In a surprisingly progressive stance, the Church of England has issued guidelines to its schools encouraging teachers to embrace students’ gender experimentation. In particular, the church asks teachers and administrators to honor children’s “creative exploration” and engage “without expectation or comment” when students decide to, say, wear a tutu or a tool belt.
Focusing on children in nursery and primary school classes, the church wants kids to have a supportive environment where they can “explore the possibilities of who they might be” without fear. In other words, the church wants school districts to accept and embrace children who may be expressing their gender identity in ways that go against traditional cisgender expectations for young kids.
“In the early years, context and throughout primary school, play should be a hallmark of creative exploration,” the church explained, as the Independent reports. “Pupils need to be able to play with the many cloaks of identity (sometimes quite literally with the dressing up box). Children should be at liberty to explore the possibilities of who they might be without judgment or derision.”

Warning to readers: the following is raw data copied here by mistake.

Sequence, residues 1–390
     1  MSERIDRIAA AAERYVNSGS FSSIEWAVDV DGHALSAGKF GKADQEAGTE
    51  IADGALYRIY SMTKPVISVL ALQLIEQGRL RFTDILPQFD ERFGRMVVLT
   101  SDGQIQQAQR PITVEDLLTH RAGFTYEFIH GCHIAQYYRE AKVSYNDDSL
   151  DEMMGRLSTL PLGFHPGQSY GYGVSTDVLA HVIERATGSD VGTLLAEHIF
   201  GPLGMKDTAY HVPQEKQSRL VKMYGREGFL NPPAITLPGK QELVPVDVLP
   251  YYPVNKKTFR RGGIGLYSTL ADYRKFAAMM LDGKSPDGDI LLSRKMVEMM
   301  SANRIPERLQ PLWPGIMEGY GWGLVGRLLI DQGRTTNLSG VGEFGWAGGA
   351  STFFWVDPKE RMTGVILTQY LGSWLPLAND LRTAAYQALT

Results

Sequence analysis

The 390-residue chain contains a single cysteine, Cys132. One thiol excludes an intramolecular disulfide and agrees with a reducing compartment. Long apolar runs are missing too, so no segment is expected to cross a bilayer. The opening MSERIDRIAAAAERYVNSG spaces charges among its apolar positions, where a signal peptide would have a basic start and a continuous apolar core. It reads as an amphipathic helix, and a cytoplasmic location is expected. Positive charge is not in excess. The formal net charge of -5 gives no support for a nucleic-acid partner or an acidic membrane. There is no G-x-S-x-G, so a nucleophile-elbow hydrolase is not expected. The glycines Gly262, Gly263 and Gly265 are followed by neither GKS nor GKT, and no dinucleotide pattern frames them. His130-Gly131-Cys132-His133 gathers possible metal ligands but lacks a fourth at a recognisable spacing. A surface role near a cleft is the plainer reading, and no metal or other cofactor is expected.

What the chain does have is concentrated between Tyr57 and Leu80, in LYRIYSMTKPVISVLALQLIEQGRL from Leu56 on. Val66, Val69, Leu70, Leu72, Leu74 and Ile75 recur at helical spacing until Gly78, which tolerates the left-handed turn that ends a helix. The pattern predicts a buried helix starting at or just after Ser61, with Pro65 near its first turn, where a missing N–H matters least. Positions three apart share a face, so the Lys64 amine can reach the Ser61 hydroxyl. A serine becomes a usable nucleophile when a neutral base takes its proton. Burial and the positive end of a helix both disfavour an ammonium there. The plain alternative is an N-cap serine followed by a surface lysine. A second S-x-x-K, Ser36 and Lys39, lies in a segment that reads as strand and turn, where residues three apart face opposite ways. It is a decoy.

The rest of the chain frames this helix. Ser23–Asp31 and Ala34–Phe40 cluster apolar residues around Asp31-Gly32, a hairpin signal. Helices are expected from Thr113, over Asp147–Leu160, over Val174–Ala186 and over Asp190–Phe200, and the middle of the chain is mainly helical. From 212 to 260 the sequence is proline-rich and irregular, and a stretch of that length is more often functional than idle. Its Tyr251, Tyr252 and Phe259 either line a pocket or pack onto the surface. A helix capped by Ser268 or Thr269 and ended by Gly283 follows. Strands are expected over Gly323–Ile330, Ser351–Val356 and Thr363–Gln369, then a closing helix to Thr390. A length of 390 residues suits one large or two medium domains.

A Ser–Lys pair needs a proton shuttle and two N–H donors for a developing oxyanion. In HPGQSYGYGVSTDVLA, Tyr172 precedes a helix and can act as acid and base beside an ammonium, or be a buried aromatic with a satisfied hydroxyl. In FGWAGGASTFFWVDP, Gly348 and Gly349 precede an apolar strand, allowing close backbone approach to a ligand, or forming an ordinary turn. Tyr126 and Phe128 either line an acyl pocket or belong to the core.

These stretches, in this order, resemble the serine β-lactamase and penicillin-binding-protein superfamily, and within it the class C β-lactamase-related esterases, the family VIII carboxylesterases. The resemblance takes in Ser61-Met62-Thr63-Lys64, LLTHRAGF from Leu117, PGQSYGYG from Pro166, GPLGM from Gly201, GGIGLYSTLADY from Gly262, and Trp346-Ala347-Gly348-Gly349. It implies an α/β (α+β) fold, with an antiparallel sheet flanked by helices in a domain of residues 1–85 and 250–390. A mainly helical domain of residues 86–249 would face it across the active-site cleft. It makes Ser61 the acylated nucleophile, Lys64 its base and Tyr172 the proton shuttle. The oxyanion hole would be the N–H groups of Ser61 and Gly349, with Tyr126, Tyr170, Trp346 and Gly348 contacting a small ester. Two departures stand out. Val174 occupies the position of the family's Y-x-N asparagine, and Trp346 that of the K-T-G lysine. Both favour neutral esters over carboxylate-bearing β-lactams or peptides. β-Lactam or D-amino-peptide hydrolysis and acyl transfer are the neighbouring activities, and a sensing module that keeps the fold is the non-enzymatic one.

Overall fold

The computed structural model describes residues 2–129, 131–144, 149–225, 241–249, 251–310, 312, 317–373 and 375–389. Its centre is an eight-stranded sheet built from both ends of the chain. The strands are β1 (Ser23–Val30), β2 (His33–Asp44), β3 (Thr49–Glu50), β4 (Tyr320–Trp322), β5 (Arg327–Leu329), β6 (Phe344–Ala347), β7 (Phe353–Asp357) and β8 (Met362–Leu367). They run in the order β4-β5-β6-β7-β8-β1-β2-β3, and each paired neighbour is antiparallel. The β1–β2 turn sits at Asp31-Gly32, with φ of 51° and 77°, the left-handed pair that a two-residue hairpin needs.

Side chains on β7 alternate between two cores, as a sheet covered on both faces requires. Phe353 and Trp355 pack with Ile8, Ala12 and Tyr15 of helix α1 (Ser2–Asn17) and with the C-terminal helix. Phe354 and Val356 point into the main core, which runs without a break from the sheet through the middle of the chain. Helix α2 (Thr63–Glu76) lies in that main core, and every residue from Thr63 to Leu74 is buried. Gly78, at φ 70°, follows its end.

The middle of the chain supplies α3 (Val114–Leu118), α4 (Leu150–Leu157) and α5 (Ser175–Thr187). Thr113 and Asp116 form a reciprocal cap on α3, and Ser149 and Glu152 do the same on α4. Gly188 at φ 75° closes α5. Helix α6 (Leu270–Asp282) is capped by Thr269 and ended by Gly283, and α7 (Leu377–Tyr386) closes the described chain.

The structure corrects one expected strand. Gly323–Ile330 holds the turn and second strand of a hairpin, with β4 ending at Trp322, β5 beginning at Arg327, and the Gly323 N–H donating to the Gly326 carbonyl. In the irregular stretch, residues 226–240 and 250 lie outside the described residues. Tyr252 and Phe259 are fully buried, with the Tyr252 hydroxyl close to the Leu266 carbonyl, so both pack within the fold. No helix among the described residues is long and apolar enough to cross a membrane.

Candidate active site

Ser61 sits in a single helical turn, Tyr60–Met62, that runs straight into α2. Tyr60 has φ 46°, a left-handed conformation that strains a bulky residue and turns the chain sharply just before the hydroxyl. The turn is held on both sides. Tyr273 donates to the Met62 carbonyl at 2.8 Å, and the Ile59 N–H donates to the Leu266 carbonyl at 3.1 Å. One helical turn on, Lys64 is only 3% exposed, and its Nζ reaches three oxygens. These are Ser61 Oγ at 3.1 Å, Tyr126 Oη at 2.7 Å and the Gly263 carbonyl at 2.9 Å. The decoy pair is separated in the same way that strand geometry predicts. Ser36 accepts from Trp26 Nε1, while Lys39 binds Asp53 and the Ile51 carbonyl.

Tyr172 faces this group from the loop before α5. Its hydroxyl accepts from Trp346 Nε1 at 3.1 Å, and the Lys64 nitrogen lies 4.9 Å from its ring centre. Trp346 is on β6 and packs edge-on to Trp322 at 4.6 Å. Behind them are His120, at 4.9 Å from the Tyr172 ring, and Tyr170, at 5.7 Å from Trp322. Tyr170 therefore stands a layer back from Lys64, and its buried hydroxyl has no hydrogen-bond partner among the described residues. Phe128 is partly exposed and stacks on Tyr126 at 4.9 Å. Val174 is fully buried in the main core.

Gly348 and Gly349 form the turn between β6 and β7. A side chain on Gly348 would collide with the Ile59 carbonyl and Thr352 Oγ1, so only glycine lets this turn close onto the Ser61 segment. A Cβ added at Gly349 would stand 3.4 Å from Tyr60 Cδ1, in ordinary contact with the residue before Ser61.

The church also encourages schools to work on promoting “dignity for all,” which creates an environment where students “accept difference of all varieties and be supported to accept their own gender identity or sexual orientation and that of others.” Teachers should also avoid using terms that deem experimentation as “abnormal” or “irregular.”
“All bullying, including homophobic, biphobic, and transphobic bullying causes profound damage, leading to higher levels of mental health disorders, self-harm, depression, and suicide,” the archbishop of Canterbury wrote in the guidelines’ foreword, according to the Independent. “Central to Christian theology is the truth that every single one of us is made in the image of God. Every one of us is loved unconditionally by God.”